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Building our LGBTQ+ action plan

As Pride month begins, Aedan Wolton takes a look at physical activity participation numbers in the LGBTQ+ community and share some useful resources for sport and physical activity providers.

01st June 2022

by Aedan Wolton
Strategic lead for equality, Sport England

Last month, we published our latest Active Lives Adult Survey report that shines a light on physical activity levels in England.  

Covering the period from November 2020 to November 2021, the report highlights the continued impact coronavirus (Covid-19) had and how people reacted as restrictions designed to stop the spread of the disease were removed.  

We know that that certain groups – women, young people aged 16-34, over 75s, disabled people and people with long-term health conditions, those from Black, Asian and other culturally diverse communities and those living in the most deprived areas – were hardest hit by the pandemic. 

But what was the impact on the LGBTQ+ community? This blog explores the data a little further and outlines where work is needed to help this large group of people feel confident to take part in sport in physical activity and enjoy the benefits being active can bring.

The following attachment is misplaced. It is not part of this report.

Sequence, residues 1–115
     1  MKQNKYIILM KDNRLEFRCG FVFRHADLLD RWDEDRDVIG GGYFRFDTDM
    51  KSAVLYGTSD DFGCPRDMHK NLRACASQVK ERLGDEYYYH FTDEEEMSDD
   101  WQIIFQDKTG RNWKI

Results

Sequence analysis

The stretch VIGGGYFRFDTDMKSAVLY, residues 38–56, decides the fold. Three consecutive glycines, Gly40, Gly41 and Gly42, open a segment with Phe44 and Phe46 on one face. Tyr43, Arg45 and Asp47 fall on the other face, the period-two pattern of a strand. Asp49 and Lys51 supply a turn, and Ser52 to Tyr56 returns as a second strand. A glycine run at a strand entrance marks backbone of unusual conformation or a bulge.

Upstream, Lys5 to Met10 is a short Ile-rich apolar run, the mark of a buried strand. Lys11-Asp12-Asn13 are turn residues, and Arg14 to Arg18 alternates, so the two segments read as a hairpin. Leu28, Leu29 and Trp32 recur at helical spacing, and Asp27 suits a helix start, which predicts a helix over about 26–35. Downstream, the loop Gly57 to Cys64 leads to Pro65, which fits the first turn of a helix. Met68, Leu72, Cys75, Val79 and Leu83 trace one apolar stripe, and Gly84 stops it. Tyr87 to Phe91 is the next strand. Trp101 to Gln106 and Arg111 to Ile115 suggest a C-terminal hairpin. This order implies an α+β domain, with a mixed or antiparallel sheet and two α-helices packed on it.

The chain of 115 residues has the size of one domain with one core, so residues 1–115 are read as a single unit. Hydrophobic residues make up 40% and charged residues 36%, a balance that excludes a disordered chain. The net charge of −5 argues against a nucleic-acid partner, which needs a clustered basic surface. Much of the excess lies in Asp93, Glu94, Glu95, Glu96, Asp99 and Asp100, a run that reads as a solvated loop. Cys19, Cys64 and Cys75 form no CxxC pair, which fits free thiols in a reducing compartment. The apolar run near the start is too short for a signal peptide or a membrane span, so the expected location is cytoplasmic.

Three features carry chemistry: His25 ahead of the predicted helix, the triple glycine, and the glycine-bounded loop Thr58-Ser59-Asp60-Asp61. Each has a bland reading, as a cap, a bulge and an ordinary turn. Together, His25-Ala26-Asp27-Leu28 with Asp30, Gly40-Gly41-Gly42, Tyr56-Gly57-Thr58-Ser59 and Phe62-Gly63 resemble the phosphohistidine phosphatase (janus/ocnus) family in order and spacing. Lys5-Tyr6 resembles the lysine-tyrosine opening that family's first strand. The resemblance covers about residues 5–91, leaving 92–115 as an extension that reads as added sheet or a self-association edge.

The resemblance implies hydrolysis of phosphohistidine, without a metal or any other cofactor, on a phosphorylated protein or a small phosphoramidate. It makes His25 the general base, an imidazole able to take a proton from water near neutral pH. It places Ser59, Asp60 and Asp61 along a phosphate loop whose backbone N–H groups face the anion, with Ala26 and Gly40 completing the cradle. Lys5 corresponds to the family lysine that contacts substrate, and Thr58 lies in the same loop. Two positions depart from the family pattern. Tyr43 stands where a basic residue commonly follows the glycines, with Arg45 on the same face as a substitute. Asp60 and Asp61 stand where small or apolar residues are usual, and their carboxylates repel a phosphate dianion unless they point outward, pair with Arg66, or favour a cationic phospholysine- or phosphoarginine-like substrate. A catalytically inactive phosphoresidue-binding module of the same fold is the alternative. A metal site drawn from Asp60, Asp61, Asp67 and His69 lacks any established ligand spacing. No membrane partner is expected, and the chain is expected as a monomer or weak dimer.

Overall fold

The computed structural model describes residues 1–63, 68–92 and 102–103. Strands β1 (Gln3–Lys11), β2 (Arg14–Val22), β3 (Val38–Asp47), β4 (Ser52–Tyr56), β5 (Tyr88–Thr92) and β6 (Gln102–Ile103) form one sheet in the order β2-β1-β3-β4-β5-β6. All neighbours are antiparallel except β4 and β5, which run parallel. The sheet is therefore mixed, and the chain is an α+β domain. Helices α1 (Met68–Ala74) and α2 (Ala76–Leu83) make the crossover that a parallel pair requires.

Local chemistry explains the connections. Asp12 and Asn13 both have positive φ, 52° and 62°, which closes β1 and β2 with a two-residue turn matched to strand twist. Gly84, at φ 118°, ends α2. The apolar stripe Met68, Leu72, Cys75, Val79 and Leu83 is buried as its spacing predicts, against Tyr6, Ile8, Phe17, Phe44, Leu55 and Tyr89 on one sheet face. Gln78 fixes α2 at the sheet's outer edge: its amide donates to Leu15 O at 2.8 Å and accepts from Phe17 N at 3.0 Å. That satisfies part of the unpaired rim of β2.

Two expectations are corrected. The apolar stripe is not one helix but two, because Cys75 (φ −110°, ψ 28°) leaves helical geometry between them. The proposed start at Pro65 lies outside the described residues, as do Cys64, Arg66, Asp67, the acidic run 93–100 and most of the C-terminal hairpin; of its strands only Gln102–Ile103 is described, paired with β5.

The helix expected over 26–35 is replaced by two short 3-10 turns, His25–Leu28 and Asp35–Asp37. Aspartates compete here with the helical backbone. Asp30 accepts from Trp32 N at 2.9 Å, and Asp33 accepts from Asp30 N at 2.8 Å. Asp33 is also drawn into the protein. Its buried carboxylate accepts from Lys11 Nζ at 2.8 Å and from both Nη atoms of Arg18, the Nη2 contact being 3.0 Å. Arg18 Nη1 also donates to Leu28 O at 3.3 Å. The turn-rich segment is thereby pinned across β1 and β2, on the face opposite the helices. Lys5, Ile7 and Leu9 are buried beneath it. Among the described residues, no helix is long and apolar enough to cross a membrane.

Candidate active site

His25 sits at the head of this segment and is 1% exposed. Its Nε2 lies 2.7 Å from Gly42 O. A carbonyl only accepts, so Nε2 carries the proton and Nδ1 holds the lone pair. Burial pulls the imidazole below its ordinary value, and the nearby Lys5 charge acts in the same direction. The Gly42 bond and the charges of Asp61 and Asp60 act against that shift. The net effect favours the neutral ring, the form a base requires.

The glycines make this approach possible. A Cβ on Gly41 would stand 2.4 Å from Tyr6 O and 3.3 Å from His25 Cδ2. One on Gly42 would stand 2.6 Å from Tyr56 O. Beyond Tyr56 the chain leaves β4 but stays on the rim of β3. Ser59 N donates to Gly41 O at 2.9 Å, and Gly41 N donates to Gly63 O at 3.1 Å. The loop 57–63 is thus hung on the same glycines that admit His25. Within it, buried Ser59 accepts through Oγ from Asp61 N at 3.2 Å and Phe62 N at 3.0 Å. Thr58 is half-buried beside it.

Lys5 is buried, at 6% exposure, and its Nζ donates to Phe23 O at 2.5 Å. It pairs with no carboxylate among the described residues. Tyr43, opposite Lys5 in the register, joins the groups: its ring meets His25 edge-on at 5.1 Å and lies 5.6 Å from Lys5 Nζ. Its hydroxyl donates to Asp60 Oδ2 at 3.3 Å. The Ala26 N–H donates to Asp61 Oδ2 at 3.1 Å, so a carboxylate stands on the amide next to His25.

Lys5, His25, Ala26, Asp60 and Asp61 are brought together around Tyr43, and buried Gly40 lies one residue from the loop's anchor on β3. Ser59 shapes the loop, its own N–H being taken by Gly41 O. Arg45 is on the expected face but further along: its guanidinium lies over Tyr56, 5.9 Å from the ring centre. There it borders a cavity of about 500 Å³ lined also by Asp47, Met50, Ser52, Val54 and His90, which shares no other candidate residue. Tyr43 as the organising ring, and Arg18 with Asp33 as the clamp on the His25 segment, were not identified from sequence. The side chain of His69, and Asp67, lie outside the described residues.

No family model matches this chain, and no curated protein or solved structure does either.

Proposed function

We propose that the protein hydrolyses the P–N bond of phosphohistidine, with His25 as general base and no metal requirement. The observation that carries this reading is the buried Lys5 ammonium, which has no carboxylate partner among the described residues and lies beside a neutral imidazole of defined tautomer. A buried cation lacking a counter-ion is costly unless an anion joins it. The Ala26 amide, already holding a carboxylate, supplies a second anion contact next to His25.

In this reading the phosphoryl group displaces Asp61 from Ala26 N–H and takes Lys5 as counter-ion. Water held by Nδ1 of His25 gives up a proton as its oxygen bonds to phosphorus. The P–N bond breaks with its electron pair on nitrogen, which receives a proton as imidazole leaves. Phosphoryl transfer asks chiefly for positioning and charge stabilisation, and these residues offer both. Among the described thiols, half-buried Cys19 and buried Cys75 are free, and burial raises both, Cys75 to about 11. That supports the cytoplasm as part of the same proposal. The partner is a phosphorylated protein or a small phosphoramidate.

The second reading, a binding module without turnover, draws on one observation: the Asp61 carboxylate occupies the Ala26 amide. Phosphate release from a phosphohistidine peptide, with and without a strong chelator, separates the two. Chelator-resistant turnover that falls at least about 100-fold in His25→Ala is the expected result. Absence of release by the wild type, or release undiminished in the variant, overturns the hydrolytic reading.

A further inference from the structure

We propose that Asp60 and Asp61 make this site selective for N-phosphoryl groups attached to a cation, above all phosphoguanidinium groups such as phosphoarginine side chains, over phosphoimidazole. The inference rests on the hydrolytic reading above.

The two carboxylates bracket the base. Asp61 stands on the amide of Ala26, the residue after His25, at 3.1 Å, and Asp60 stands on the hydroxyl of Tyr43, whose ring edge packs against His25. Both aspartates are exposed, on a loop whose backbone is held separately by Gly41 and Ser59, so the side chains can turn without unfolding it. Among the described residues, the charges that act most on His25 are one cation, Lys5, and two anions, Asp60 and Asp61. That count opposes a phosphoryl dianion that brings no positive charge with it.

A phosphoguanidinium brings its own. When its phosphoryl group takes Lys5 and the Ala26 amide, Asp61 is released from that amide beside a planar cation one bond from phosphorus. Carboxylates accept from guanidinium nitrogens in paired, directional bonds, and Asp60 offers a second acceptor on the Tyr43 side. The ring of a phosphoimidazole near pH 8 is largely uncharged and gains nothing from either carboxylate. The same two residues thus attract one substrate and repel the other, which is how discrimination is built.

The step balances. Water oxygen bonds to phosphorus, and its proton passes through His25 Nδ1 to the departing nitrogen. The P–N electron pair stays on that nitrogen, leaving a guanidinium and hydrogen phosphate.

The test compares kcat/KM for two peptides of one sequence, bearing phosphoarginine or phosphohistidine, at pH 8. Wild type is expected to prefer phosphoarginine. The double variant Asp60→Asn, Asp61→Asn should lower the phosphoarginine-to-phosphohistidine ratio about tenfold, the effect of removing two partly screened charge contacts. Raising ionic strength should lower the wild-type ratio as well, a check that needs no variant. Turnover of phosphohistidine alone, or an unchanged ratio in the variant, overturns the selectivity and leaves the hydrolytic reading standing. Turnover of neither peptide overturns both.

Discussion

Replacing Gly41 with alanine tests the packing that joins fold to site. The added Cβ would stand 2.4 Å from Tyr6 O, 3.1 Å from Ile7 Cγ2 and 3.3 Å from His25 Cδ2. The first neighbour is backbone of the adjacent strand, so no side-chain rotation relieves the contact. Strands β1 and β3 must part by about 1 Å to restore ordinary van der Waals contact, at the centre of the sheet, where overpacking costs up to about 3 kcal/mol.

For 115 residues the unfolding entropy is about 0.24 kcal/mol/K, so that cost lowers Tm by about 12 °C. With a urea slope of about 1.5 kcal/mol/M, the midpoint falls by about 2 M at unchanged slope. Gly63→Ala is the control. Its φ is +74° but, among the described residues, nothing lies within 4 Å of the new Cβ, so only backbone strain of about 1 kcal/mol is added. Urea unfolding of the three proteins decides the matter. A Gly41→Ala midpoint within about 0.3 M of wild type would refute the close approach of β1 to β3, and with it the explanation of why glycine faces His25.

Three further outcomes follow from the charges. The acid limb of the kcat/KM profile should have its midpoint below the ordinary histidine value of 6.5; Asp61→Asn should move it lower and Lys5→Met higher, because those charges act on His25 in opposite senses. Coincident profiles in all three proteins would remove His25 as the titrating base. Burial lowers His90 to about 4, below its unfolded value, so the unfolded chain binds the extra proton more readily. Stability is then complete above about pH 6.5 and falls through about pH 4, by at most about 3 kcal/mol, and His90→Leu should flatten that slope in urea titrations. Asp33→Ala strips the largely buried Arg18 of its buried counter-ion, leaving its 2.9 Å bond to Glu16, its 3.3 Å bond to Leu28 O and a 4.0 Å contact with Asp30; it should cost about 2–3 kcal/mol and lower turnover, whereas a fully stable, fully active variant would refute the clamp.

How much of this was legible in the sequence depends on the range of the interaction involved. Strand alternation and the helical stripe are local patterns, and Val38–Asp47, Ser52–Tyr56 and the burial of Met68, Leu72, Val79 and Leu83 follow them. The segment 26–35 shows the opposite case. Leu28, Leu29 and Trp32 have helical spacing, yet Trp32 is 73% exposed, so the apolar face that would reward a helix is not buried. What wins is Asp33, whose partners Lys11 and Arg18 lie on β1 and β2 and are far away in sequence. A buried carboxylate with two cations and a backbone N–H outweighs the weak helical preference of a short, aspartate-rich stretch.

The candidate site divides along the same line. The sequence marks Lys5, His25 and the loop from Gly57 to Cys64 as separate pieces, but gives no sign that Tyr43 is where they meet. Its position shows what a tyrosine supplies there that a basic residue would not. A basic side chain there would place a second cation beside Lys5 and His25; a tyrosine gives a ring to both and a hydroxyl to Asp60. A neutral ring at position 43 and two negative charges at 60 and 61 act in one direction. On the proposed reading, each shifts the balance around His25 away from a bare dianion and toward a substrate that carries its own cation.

Gay men (25%) are less likely to feel they have the opportunity to be active as compared to the average for all men (36%).

Understanding activity levels in the LGBTQ+ community can be difficult as, whilst the Active Lives Survey is representative of the English population, capturing the sexual orientation or trans status of respondents is dependent upon their willingness to report this data.  

This, coupled with lower prevalence compared to cisgender (that is, not trans) and/or heterosexual adults, means sample sizes for these groups are lower and as such wider confidence intervals prevail - meaning greater differences are required to be reported within an acceptable margin of error. 

For instance, specific reporting on trans/non-binary people’s experiences is not currently viable due to the sample size.

Nevertheless, the data shows the number of cisgender people who describe themselves as lesbian, gay or bisexual who are meeting the Chief Medical Officer’s guidelines of taking part in an average of 150 minutes of physical activity per week.  

The report shows that: